What Is the Institute for Divorce Financial Analysts (IDFA)?
The Institute for Divorce Financial Analysts (IDFA) is an organization committed to educating financial professionals about specific issues relating to divorce. The Institute for Divorce Financial Analysts certifies members who complete its modular study program, which highlights divorce tax law and asset distribution.
People going through a divorce can contact the IDFA, which will help them find a suitable agent to help them through divorce proceedings.
- The Institute for Divorce Financial Analysts (IDFA) educates financial professionals about issues related to divorce.
- The IDFA trains certified divorce financial analysts (CDFAs) in divorce settlement tax consequences and asset distribution.
- CDFAs can also act as divorce settlement mediators and consultants for a client's lawyer.
- CDFAs collect and analyze a client's financial data, making recommendations to the client about budgeting, setting retirement objectives, and determining investment risk levels.
- To earn the CDFA designation, candidates must meet the prerequisites established by the IDFA and pass an exam.
Understanding the Institute for Divorce Financial Analysts (IDFA)
The IDFA trains certified divorce financial analysts, or CDFAs, who help support the divorce process. These analysts are schooled in the various tax consequences that result from divorce settlements and can help with equitable asset distribution of the divorcing couple's property and estate. The CDFA can also act as a consultant for a client's lawyer or serve as a mediator during the settlement proceedings.
A certified divorce financial analyst (CDFA) is not a lawyer and may not provide legal advice. CDFAs do not replace lawyers in a divorce case but limit their work to the financial analysis related to divorce.
The IDFA calls itself "the authority on divorce planning theory and application in North America. IDFA will establish standards for certification of divorce financial analysts that are objective, reliable, and meet the current benchmarks for certifying bodies. The IDFA helps to ensure the financial health and welfare of the divorcing public through the accreditation of individuals as Certified Divorce Financial Analysts."
Practitioners with the certification have an understanding of the short-term and long-term effects of dividing property, analyzing pensions and retirement plans, determining if the client can afford the marital home, and if not, what they can afford, as well as recognizing the tax consequences of different settlement proposals.
Much of the role involves collecting the client’s financial data and performing analysis, then presenting different scenarios and talking through the client’s budget and expenses. They help clients collect financial and expense data, identify their future financial goals, make a budget, set retirement objectives, determine how much risk they are willing to take with their investments, and help identify what kind of lifestyle they want.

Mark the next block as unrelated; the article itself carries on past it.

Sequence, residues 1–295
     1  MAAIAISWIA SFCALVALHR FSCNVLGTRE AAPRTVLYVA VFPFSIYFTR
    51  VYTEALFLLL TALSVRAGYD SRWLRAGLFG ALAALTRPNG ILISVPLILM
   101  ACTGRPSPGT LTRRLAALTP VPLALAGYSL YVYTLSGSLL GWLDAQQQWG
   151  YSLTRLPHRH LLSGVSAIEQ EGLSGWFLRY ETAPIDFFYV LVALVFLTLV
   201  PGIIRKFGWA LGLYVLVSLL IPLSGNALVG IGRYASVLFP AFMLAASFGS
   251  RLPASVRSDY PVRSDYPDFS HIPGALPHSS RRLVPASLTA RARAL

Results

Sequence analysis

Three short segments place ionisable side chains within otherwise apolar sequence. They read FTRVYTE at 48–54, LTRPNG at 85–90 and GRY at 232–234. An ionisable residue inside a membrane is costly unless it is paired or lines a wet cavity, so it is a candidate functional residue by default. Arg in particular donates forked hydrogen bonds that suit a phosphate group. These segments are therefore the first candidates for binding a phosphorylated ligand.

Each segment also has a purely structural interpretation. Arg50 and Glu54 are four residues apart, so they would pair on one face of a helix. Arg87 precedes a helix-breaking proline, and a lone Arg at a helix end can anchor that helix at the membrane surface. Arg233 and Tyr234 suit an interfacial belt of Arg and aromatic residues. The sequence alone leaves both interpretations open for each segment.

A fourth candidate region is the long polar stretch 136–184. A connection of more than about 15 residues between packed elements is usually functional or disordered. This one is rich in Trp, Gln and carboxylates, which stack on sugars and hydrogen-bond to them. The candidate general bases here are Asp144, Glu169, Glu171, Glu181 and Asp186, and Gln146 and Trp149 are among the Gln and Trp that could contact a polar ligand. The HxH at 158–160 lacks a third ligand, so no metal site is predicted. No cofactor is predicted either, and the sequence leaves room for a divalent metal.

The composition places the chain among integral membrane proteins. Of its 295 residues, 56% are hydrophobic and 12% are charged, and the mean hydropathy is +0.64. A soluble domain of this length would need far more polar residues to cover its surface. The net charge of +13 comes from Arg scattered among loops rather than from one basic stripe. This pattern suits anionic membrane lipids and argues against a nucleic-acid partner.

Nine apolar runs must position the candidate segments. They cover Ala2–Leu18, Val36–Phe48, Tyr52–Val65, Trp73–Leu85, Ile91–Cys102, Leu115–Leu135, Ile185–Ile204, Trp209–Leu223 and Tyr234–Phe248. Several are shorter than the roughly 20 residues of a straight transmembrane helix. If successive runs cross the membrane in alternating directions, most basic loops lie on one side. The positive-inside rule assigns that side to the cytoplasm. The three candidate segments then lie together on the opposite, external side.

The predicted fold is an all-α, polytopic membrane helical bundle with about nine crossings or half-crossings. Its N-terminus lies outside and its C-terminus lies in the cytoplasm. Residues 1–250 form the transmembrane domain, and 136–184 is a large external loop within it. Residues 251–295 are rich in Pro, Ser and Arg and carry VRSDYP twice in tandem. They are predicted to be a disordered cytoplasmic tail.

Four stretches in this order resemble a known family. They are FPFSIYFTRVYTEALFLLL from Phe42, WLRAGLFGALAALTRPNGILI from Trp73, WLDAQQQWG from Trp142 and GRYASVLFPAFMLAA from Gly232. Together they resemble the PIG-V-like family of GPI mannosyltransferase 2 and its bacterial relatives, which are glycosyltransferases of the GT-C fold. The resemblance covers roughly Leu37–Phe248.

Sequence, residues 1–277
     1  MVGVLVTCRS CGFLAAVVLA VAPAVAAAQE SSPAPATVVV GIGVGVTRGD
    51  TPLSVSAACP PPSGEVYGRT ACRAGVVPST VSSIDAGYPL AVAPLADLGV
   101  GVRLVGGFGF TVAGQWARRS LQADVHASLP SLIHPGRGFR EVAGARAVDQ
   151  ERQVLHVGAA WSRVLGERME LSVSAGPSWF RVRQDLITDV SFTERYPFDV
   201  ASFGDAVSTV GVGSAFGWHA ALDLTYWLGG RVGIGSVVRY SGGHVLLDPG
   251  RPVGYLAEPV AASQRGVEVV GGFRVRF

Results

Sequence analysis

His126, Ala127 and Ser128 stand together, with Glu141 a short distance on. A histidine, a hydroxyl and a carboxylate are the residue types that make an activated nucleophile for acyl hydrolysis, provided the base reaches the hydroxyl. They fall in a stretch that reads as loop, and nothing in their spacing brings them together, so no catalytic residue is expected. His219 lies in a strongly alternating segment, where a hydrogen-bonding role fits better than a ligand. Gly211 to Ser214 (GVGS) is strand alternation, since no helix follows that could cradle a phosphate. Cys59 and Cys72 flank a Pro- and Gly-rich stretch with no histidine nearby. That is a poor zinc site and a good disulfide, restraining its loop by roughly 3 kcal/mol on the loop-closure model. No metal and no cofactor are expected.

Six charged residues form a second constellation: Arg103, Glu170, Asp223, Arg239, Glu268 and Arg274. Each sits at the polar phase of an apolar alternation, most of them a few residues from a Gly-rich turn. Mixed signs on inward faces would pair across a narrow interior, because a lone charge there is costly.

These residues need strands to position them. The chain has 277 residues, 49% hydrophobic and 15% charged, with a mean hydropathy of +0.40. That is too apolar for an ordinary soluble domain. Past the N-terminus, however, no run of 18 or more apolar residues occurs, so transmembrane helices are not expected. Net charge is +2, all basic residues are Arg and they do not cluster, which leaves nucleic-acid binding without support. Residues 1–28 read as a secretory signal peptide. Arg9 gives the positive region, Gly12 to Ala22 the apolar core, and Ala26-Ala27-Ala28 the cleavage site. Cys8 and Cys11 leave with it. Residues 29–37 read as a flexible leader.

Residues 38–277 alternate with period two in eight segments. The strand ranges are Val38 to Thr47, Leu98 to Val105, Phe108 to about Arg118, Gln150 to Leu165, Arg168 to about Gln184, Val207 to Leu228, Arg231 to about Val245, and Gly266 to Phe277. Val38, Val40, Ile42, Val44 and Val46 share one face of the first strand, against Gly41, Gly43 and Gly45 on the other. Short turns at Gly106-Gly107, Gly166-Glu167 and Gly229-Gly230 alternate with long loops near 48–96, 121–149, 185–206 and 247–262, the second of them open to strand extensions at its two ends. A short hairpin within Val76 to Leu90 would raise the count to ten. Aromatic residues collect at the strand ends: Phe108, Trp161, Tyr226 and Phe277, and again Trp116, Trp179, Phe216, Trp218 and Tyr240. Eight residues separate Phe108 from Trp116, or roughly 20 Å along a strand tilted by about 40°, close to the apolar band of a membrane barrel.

According to a 2020 report from the Census Bureau, the U.S. divorce rate fell from 9.7 new divorces per 1,000 women age 15 and over in 2009 to 7.6 in 2019.
Requirements for CDFA Designation
To gain the CDFA designation, candidates must have a minimum of three years of professional experience and a bachelor's degree. If the candidate does not have a bachelor's degree, five years of relevant experience are required.
Experience includes working in financial planning or family law practice, or experience must include three or more in the following areas:
- Tax code
- Investment advisory or management
- Real estate, mortgage lending, and reverse mortgages
- Financial therapist or coach
- Life and disability insurance
To earn the CDFA designation, candidates must pass an exam consisting of 150 multiple-choice questions. Candidates will have four hours to take the exam and must pass with a score of 75% or higher.
The IDFA offers four methods for CDFA candidates to earn their designation: self-study, self-paced eLearning, virtual classroom, or exam only. The IDFA designed the program to be completed in one year, although most candidates complete it in three to four months.
To pass the exam, candidates must study a range of topics covering the financial aspects of divorce. These topics include an overview of divorce laws and procedures, marital property, fundamentals of spousal and child support, and tax issues related to selling and transferring property.
To retain the CDFA designation after successfully passing the exam, holders must remain in good standing with the IDFA, pay an annual renewal fee, and obtain 30 divorce-related hours of continuing education every two years. The self-study course has been accepted by the Certified Financial Planner (CFP) board and qualifies for 20.5 hours of CFP board credit.